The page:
By: Aidan Crowley
Ireland’s recent world cup qualifying campaign bodes well for the future of Irish football.
The Republic of Ireland’s recent World Cup qualifying campaign proved to be a mixed bag, with some deplorable results at the start, combined with a dramatic resurgence and some positive performances, at the finish. However, the campaign was never boring. Each match opened Irish football to a different dimension with a cast of cameos, ranging from Wayne Rooney to Liam Brady. Cristiano Ronaldo to Gianni Infantino.
Republic of Ireland manager, Stephen Kenny, remained the central figure throughout, rarely fluffing his lines, even when Luxembourg manager, Luc Holtz, called Ireland “British” opponents, reverting to “one hundred years” of long-ball tactics.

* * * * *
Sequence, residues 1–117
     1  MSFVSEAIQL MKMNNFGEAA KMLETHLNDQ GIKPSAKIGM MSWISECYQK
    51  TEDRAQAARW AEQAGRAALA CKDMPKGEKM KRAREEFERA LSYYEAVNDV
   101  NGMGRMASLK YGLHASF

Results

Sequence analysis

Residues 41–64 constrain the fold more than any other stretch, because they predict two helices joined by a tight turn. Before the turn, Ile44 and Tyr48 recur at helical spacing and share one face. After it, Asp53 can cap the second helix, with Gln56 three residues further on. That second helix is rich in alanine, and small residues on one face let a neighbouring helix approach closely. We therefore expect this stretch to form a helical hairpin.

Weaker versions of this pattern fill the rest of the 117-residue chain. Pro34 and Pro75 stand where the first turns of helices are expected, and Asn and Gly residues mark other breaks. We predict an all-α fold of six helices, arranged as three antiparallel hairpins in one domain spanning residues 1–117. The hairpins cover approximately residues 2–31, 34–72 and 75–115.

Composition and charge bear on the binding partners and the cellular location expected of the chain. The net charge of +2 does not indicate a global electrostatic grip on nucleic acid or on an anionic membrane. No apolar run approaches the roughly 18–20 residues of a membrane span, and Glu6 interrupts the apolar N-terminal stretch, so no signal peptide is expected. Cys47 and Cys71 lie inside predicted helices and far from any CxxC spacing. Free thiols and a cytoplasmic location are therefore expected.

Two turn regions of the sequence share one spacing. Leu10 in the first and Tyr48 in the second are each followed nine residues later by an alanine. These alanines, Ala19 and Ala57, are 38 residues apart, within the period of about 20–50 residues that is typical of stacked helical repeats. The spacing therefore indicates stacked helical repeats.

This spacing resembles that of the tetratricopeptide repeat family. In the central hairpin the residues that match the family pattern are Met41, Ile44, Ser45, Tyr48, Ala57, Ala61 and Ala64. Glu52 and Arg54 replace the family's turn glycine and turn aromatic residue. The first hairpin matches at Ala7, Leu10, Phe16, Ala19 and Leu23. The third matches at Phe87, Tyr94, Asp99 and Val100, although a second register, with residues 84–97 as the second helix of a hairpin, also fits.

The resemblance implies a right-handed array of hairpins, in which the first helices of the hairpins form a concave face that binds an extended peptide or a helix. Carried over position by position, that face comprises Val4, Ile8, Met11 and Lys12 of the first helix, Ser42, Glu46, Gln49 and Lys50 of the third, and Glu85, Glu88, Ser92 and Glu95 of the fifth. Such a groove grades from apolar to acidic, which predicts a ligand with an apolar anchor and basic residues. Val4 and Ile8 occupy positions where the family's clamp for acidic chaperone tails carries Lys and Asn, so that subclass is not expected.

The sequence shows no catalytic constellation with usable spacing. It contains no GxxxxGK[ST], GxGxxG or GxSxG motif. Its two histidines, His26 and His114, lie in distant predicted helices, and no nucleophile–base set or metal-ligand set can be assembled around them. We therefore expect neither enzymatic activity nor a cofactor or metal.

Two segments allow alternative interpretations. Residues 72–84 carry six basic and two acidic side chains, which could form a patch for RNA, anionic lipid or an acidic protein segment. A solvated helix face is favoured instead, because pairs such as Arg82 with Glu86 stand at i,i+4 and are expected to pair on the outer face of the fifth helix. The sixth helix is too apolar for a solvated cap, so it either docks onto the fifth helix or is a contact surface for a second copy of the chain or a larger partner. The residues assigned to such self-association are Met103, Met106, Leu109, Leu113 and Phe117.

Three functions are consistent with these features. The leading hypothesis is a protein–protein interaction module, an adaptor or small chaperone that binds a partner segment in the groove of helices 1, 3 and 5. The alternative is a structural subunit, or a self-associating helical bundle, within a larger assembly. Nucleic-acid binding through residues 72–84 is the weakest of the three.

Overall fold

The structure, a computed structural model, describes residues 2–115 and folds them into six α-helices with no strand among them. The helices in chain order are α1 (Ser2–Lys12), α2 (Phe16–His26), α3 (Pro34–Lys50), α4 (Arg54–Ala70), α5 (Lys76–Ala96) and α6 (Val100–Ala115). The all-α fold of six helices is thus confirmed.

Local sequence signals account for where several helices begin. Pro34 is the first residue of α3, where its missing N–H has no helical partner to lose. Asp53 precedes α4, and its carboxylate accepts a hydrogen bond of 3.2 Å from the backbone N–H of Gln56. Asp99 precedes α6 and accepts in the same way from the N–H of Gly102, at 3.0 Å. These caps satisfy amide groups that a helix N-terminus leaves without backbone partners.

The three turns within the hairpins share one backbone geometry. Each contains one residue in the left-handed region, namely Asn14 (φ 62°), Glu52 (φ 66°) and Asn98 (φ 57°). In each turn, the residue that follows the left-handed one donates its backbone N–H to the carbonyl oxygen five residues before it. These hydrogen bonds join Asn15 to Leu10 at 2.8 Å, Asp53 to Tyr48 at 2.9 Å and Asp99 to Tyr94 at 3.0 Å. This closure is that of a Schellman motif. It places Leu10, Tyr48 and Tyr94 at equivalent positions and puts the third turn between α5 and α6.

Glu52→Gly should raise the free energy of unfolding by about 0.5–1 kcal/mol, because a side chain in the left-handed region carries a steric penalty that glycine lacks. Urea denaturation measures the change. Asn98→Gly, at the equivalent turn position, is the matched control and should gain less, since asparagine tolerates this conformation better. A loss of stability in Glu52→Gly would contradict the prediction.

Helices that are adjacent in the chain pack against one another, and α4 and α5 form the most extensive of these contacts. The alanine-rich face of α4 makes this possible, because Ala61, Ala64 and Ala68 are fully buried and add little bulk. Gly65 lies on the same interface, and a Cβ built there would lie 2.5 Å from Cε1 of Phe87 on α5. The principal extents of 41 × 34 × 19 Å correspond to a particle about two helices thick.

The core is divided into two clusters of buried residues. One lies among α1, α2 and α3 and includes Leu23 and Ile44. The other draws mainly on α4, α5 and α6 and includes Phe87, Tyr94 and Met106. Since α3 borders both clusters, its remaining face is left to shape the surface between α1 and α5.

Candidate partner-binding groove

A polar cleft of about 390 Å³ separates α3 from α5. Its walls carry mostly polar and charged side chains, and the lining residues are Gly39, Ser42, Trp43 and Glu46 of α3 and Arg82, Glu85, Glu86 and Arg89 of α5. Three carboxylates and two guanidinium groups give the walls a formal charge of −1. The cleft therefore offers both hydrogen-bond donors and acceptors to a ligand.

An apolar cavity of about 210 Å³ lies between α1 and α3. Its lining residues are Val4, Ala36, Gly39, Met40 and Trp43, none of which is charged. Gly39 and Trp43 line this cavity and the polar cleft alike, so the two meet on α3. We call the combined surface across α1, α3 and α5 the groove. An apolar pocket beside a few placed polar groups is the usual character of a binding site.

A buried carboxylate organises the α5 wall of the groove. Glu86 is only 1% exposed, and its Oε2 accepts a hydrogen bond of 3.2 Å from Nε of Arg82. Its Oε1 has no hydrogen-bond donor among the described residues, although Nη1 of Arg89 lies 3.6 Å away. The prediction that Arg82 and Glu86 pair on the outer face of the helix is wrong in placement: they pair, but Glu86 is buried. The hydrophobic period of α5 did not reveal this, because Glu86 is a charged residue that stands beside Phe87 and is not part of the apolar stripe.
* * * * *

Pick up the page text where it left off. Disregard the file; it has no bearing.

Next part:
Such crass mind games were instantly rebuffed by Kenny, who transformed the comments into a kind of motivation for a squad that has openly developed their possession-based style throughout the past year. He even pointed out that the branding of Irish footballers as “second ball, cavemen” – which were Kenny’s words – is deeply insulting to a string of legendary players that he proceeded to list, enthusiastically.
The fact that he included former Ireland manager Mick McCarthy in the pantheon of greats, along with Brady, Robbie Keane and Damien Duff, wasn’t lost on anyone in the Stade de Luxembourg media room, as travelling fans breached flimsy security to bang on the windows.